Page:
Wait, what day is it?
This week has been so busy I almost forgot to make a blog entry. Again. I'm very much hoping it'll slow down soon, cause I haven't even had time for a haircut!
My original topic for this week was going to be color palettes. I was supposed to learn about them in college, but I was never sure I understood how exactly one chooses the colors in a palette. I still don't believe my understanding is completely accurate, but a little research has (mostly) cured me of the notion that color palettes be some artist black magic.
In the broadest terms, a color palette is what happens when you combine the colors you know you want with color theory. I don't actually know anything about color theory; I've been using this free Adobe Color palette generator thing to compensate.
Now, you might be asking why I'm so interested in colors all of a sudden. Well, I've decided to see what it would take to do all of the art in Masks of Undying myself. Queue booing noises.
I've got 3 reasons for this switch:
Doing the art myself is the (monetarily) cheapest option possible.
GraphicsGale makes art generation stupid-easy and kinda fun (though I may need to use another program for frames of animation).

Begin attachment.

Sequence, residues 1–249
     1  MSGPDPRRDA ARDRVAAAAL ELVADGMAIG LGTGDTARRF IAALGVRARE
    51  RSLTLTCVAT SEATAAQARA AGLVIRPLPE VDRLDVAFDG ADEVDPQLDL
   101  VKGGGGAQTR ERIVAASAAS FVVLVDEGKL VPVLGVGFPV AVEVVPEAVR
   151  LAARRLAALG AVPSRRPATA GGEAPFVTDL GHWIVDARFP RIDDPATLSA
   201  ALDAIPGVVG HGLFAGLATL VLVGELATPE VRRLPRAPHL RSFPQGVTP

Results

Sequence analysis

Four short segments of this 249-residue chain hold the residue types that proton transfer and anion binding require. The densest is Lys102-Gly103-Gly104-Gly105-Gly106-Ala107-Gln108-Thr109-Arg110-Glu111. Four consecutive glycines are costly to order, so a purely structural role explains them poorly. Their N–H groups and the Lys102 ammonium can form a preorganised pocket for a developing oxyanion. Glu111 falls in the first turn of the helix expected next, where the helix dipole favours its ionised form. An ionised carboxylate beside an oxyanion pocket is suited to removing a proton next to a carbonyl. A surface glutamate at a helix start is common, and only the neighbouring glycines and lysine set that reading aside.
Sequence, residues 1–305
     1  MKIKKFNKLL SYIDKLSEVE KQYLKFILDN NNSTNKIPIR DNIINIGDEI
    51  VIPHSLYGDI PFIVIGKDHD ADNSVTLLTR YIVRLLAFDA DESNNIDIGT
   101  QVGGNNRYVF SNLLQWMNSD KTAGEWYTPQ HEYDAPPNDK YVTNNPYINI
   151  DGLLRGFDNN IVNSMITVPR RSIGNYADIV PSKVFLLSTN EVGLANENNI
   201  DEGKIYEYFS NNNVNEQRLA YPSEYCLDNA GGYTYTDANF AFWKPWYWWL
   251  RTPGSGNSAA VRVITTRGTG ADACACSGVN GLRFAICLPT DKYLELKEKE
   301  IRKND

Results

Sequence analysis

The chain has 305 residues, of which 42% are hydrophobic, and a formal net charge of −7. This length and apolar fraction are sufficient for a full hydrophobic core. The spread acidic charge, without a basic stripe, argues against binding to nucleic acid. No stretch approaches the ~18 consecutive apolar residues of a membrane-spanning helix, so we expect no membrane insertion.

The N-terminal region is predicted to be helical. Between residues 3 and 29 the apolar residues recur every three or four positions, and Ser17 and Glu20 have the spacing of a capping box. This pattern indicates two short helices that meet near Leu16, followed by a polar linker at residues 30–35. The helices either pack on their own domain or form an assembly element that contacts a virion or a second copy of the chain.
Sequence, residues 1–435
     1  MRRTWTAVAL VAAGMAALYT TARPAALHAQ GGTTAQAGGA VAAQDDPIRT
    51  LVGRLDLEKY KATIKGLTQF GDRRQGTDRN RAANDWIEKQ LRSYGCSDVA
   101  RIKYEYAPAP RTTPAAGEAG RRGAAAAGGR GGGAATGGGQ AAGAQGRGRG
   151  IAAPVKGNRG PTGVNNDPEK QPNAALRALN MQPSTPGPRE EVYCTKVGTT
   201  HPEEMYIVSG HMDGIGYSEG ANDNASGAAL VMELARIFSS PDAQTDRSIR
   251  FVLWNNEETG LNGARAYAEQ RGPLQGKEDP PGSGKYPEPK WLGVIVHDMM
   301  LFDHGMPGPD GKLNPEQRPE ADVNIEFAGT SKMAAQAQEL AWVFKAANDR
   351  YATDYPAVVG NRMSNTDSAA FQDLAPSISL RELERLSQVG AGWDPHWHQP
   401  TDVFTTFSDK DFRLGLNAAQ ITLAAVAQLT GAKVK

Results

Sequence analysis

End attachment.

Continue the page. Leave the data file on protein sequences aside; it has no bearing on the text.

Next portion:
I don't believe Masks of Undying is going to make me alot of money. I definitely don't believe I'll be recouping any expenses of time and/or money. I don't have the expertise to generate and maintain a community and, without a community, indie developers tend very strongly towards failure with their first projects.
The 3rd reason is actually an expectation I've had from the beginning. However, I was initially willing to drop money on the art because I'm not an artist, I've got a safety net in the form of my full time job, managing a relationship with a contractor would be good management experience, and I'd very much like to complete my game in the smallest timeframe possible. All of these reasons made alot of sense before I started messing around with GraphicsGale.
I'm not going to pretend GraphicsGale is amazing or anything, because it's very much not good at alot of what other paint/photo tools do. However, GraphicsGale is so easy to use, and can be acquired so easily (I highly recommend the portable .zip over messing with any installer), that I've found myself tinkering with it in moments of downtime.
Using GraphicsGale, I've generated black and white outlines for every one of the basic foes in Masks. This inspired me to look into colors, of which I've so far generated 150 from a base of 5 color codes:
Worn jeans = 98c4e0
Blood = 8a0303
Slime = 65ff00
Old pig skin = E3C1CD
Steel = CACCCF
By working in my spare time on weekdays (weekends remain for programming and game design tasks only), I'm aiming to complete the majority of the art that Masks will need. There may still be assets I need to pay someone to make, music for example, but I'm going to try and use paid labor as a supplement to my own efforts.
Next week, I'm planning to produce a blog entry before Friday. Oi.